This is, after all, his movie. We don’t even get to see Willy Wonka until the movie is a third over, but Wilder’s performance is so mesmerising, so charming, so sinister that he overshadows everything else. This movie isn’t Charlie and the Chocolate Factory – it’s Willy Wonka and the Chocolate Factory. It’s a movie that celebrates a crazy man who lives in his own fantasy world creating unique and somewhat mad inventions for children. In truth that’s pretty much how I picture Roald Dahl himself. I always imagine him in my head with a giant Salvadore Dali mustache (I know he looked more like the illustrations of the BFG, it must be the last name similarity that does it.) There’s one segment of this movie – during the Wonkatania journey through the dark tunnel – where random and unsettling images are projected behind the actors and it reminds me of nothing so much as Un Chien Andalou. In my mind the three insane geniuses, Wilder’s Wonka, Dahl and Dali, blend through this movie and become almost reflections of each-other.

Need I sum up the plot? I would hope that most people were pretty familiar with at least one form of this story by now be it the book or one of the two movie versions. Young and destitute Charlie Bucket has been raised by his Grandpa Joe with tales of the amazing Willy Wonka and his maddeningly secret chocolate factory where nobody ever goes in or comes out and the most amazingly impossible confectionery creations are constructed. One day it is announced that Mr. Wonka will actually allow five lucky people (each to be accompanied by a family member) to visit his factory and win a lifetime supply of chocolate. The winners will be those lucky enough to find five golden tickets hidden inside Wonka branded candy bars.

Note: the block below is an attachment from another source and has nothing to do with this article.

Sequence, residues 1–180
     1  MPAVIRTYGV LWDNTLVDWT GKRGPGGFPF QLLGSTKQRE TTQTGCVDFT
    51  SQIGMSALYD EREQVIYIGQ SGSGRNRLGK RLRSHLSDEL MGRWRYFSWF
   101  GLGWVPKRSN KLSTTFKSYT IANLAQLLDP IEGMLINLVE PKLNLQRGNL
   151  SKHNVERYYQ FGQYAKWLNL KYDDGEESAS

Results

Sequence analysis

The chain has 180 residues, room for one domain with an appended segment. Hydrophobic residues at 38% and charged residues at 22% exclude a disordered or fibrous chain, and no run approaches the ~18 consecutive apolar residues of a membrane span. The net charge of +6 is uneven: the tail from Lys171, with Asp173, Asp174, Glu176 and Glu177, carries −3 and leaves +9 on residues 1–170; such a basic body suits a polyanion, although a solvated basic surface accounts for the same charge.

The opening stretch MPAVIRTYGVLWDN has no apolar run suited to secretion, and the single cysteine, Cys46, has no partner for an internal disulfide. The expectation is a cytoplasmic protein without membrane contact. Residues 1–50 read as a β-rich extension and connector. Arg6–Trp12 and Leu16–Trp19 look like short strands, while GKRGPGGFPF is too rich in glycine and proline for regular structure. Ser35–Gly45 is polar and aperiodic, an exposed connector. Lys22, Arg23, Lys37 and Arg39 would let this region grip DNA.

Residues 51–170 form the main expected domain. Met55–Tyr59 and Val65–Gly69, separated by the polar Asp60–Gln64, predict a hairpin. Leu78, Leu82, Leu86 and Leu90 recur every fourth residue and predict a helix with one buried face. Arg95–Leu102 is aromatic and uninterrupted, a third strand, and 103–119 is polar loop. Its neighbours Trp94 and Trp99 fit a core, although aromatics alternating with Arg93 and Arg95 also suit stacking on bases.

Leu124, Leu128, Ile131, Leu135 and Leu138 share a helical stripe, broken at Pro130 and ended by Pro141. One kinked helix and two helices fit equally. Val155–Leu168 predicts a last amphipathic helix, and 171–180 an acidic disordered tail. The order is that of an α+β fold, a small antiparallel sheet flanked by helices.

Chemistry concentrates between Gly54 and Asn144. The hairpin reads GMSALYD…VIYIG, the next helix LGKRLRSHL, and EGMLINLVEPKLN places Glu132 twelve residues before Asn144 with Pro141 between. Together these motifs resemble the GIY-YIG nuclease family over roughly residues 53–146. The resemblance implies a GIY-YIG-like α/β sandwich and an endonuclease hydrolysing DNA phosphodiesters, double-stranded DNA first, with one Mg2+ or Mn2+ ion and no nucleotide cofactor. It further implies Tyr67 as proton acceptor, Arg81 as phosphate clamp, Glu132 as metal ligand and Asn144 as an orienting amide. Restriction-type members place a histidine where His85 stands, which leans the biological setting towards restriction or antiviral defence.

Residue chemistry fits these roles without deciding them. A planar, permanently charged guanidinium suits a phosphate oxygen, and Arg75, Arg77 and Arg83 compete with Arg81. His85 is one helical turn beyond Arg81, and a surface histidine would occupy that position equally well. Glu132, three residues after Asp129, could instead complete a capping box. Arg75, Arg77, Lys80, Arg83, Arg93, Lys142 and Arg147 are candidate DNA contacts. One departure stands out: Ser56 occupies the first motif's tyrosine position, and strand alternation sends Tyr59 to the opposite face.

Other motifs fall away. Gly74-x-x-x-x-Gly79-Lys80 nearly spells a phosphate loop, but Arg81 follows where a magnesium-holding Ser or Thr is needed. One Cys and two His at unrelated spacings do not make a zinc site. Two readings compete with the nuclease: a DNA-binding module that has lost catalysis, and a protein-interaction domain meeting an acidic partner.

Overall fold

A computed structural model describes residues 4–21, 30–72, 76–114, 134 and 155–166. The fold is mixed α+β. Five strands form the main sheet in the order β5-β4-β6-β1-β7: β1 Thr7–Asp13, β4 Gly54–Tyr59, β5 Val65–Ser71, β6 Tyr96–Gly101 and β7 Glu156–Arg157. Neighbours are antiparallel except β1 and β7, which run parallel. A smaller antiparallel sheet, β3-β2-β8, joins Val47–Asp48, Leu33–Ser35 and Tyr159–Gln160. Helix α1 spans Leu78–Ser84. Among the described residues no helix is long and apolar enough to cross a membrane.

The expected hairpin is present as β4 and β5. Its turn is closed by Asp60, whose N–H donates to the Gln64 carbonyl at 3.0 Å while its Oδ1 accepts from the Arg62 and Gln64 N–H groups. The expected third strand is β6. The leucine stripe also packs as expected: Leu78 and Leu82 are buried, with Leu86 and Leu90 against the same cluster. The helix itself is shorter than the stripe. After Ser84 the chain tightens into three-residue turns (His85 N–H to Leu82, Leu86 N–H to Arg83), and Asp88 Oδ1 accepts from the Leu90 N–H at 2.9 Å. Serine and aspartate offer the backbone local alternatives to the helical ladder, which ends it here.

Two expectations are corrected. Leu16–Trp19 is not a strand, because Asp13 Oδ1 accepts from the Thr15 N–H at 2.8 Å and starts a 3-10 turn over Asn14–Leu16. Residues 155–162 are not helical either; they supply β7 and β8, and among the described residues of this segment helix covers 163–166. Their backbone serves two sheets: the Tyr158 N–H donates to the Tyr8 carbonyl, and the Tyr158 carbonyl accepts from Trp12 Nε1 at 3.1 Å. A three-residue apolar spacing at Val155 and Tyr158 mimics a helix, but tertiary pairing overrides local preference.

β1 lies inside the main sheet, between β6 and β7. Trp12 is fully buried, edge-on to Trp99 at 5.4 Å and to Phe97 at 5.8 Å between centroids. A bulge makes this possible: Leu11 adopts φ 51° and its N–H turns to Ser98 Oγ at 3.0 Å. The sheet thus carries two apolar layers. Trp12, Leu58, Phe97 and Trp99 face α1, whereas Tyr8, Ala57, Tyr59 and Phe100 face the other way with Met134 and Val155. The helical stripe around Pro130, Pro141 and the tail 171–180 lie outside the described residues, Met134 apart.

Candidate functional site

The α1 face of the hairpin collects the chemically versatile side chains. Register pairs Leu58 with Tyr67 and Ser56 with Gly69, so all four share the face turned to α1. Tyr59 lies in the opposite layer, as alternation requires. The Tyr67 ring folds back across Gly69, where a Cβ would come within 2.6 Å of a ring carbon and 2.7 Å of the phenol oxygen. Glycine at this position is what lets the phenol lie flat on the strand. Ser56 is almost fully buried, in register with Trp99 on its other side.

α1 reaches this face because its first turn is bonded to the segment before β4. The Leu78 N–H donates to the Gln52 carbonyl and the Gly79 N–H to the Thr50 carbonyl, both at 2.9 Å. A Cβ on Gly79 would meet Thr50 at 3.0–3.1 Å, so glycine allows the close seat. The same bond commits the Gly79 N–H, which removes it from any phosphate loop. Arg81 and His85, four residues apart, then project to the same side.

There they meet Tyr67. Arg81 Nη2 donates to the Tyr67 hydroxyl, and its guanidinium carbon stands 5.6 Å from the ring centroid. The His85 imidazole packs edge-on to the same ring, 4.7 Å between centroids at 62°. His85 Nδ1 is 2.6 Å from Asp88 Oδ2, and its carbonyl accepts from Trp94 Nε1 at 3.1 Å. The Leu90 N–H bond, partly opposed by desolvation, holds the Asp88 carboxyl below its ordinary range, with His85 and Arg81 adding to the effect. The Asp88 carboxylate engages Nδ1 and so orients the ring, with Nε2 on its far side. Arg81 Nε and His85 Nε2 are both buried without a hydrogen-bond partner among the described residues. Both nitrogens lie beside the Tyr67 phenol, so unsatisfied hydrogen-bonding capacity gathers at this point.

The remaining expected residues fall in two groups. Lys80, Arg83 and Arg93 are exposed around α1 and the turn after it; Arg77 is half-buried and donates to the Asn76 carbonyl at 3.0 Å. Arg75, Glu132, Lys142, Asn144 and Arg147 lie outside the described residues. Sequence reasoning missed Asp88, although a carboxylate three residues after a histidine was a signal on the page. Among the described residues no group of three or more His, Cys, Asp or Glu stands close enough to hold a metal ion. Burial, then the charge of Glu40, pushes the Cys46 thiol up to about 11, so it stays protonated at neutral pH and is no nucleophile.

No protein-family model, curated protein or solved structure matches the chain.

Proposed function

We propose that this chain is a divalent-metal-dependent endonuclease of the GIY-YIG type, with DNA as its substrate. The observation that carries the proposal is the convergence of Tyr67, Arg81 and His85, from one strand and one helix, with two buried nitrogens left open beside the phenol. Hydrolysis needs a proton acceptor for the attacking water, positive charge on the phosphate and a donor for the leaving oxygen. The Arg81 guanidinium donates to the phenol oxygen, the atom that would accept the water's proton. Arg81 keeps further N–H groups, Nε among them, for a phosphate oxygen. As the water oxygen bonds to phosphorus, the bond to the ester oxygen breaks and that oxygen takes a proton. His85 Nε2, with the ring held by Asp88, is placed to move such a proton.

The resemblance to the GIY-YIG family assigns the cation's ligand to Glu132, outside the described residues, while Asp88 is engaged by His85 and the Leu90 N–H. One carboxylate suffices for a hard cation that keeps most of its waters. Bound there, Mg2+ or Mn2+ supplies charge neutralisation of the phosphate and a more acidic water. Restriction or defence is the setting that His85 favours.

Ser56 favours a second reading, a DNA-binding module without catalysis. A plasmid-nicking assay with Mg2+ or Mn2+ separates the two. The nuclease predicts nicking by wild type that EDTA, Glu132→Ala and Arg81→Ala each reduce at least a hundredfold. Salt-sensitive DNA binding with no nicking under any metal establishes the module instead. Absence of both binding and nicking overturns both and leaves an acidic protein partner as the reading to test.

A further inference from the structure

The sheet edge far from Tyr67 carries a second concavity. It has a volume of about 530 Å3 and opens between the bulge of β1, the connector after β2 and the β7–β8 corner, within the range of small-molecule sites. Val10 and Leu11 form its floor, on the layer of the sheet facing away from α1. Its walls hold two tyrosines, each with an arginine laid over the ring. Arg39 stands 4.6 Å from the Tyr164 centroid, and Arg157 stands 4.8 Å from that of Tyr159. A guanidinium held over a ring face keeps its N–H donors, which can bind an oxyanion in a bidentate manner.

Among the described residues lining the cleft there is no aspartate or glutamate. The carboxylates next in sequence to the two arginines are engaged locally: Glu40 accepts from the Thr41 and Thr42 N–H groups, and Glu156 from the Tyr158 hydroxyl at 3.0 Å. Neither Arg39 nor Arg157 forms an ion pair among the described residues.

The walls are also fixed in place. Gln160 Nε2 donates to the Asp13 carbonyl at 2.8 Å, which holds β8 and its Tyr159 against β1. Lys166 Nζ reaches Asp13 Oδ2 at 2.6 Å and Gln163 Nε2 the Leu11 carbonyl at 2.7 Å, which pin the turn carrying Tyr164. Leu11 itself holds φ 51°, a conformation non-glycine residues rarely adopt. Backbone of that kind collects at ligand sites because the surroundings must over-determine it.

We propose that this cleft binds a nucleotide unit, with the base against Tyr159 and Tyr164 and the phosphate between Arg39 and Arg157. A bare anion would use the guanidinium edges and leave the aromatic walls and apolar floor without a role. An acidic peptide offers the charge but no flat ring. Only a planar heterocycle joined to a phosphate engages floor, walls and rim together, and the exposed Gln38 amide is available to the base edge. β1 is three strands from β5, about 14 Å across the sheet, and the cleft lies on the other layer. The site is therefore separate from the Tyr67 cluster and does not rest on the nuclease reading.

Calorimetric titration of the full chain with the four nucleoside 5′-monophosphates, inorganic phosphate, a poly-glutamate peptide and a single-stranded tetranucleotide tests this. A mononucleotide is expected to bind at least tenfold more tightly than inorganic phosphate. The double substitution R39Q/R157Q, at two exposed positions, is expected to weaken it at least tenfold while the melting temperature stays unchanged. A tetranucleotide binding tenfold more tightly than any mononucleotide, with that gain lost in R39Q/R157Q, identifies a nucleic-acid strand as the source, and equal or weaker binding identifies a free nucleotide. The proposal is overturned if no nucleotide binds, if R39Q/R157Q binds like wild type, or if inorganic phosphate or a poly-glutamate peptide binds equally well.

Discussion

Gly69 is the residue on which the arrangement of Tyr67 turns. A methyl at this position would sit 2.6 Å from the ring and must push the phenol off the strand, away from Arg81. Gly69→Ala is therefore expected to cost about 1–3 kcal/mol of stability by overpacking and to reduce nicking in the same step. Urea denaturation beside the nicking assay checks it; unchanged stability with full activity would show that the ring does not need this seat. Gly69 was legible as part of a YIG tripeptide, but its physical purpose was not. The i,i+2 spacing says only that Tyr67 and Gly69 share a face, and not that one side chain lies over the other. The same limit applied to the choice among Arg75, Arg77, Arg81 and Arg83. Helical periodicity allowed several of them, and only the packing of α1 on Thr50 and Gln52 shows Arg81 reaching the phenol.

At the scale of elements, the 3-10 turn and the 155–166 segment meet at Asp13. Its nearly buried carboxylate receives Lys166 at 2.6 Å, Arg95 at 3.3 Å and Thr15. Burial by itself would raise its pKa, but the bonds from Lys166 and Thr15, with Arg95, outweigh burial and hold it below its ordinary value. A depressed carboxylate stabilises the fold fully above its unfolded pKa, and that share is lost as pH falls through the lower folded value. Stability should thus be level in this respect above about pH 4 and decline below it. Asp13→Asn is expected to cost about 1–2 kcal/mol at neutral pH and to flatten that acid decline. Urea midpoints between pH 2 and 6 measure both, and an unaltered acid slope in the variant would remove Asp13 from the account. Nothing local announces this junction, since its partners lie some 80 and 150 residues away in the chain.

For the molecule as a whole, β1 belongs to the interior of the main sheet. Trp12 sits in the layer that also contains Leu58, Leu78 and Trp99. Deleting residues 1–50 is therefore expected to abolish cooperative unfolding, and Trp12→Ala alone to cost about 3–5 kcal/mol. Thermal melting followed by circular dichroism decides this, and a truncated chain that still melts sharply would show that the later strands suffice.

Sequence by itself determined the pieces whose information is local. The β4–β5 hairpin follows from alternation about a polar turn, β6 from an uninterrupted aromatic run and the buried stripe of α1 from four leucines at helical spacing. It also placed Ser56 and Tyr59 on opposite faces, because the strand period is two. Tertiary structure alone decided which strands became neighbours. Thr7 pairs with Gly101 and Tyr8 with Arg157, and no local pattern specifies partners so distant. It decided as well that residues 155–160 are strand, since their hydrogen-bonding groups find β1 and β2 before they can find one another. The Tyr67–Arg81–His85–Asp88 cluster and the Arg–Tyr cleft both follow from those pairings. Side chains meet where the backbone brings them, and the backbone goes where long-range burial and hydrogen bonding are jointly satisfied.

The first third or so of the movie details the mania stirred up by the golden tickets and Charlie’s sad life of desperate poverty. (As an aside: I have always said that I felt J.K. Rowling cribbed the start of the first Harry Potter book from Charlie and the Chocolate Factory. The lives of young Charlie Bucket and young Harry Potter are full of similar extremes with Charlie’s four grandparents sharing a single bed in his one room house while Harry is living with the spiders under the stairs. Even Rowling’s writing style at the start of the Potter series reminds me of Dahl’s prose.) Each of the five lucky tickets is found by a different child, with Charlie being the last of course.

Then the rest of the movie is the tour of the chocolate factory itself which is an utterly insane wonderland of fantastical inventions and OSHA violations. It’s a kind of strange morality tale where each of the children suffers a grizzly fate as a result of their particular vices. There’s an over-eater, a gum chewer, a spoiled brat and a TV obsessed couch potato. (The impact of the moral is somewhat lessened in this particular telling since Charlie and his Grandpa Joe also succumb to temptation and ignore Wonka’s sage advice at one point. I’ve never liked that about this movie.)